Pain can also affect the rest of the arm and sometimes the neck area. The median nerve can also be pinched in more than one place and may include the neck, shoulder, elbow as well as the wrist making it necessary to have all the areas treated for a satisfying result.

People at greatest risk are women > men, workers who handle small tools, computer workers, fast repetitive line workers, and people older than 40 years of age. People with other health conditions including rheumatoid arthritis, Lymes disease, rubella, pregnancy, birth control pill use, diabetes mellitus and menopause are at an increased risk of developing CTS. Certain foods such as caffeine, tobacco, and/or alcohol may also contribute to CTS.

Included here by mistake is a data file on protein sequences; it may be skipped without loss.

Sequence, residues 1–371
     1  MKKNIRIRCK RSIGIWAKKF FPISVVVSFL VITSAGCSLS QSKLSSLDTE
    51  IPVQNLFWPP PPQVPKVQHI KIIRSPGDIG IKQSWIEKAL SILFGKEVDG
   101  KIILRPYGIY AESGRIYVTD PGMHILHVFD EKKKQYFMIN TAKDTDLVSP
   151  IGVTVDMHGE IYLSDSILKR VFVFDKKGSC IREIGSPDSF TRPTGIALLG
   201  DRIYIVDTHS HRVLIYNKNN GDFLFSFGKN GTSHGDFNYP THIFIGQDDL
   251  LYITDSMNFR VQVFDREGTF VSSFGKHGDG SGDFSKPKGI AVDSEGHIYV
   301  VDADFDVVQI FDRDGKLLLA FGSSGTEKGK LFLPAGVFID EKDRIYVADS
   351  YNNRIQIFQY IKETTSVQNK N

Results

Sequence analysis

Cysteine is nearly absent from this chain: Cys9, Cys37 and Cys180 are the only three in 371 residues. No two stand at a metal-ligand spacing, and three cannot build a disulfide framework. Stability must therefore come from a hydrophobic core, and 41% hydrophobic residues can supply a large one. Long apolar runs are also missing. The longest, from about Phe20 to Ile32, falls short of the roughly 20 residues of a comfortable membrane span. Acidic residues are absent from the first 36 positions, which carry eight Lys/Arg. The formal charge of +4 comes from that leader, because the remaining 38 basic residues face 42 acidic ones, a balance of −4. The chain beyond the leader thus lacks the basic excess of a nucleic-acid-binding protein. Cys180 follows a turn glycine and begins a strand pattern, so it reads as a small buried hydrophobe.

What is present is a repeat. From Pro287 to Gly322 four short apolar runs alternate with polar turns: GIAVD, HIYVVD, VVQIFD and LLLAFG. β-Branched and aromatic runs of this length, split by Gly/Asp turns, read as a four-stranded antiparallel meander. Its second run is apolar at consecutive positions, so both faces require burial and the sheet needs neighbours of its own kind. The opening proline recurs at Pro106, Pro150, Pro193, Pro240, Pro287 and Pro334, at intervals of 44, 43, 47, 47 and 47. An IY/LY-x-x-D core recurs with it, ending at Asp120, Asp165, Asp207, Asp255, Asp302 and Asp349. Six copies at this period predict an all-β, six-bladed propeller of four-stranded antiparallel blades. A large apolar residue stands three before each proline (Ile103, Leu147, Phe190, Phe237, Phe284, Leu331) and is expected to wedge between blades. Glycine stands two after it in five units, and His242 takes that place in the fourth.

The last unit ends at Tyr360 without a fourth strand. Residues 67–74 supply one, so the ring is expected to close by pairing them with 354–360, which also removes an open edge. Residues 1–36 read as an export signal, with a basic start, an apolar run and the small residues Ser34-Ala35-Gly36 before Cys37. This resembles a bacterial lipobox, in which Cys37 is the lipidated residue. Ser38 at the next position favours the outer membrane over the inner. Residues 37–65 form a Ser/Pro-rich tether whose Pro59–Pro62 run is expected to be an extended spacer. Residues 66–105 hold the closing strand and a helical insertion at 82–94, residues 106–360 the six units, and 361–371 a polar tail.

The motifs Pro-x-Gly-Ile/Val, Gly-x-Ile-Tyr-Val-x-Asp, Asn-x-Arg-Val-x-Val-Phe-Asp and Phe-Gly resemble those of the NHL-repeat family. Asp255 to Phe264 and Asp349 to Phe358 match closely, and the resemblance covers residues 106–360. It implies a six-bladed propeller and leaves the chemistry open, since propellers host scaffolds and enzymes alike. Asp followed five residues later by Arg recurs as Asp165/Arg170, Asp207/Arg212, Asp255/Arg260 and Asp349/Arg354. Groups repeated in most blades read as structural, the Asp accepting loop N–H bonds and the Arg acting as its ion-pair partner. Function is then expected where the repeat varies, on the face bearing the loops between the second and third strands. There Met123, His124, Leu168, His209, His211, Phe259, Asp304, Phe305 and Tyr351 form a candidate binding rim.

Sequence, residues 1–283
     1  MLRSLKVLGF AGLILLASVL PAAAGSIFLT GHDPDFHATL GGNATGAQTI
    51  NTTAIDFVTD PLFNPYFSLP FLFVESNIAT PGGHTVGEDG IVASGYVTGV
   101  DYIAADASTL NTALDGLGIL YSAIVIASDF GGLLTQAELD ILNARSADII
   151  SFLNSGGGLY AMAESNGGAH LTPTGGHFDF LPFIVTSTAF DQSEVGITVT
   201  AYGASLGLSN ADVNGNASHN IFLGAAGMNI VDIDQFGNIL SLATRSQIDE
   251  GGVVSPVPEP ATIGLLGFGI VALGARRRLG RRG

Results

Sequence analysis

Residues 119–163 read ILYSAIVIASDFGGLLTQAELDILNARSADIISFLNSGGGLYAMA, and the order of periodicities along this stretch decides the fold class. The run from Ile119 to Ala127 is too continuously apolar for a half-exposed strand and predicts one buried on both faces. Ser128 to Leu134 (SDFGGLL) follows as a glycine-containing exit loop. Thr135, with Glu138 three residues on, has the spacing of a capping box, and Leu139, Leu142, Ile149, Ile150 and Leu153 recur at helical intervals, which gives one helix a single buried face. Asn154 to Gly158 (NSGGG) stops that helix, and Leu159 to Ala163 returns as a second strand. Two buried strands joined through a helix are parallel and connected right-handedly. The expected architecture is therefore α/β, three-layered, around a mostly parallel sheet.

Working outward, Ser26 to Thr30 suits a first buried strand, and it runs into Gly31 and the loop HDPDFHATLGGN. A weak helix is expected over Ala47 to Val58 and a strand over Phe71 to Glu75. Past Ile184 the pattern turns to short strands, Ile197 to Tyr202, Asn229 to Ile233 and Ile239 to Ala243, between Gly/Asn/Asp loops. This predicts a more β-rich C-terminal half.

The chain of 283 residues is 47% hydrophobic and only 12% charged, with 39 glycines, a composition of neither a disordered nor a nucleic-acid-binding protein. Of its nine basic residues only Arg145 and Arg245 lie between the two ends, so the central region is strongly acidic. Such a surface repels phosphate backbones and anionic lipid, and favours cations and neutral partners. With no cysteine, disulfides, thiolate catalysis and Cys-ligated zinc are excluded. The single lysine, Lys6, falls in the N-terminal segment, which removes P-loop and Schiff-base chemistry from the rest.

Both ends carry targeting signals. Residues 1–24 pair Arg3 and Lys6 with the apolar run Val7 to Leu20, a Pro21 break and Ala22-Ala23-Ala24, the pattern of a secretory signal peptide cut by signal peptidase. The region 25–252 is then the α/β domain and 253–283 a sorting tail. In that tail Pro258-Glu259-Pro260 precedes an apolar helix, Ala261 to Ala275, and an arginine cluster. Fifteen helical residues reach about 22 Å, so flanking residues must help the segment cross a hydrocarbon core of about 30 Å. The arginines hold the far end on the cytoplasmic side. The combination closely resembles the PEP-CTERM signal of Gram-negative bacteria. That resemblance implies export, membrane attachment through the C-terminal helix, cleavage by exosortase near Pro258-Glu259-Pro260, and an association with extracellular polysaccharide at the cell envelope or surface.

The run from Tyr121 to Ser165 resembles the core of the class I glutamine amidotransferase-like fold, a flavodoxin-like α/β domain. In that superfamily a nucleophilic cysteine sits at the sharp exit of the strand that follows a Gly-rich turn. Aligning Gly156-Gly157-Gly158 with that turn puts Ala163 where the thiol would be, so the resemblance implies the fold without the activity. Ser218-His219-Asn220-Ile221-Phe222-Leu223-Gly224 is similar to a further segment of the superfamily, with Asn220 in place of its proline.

Though treatment is very important -the sooner the better- prevention is most important. In fact, some simple approaches can make a big difference! Some of these include modifying the position of a computer chair, keyboard, monitor, or mouse (work station modifications), alternate between different tasks to reduce the repetition of work, stretch your forearms and fingers before, during and after work, and treat any underlying conditions. When symptoms first occur, these recommendations, as well as wearing a night wrist cock-up splint and seeing your chiropractor, will often reverse the condition without difficulty. If you wait too long and nerve damage occurs, it becomes a more challenging process to manage CTS and at times, even surgery will not be very helpful.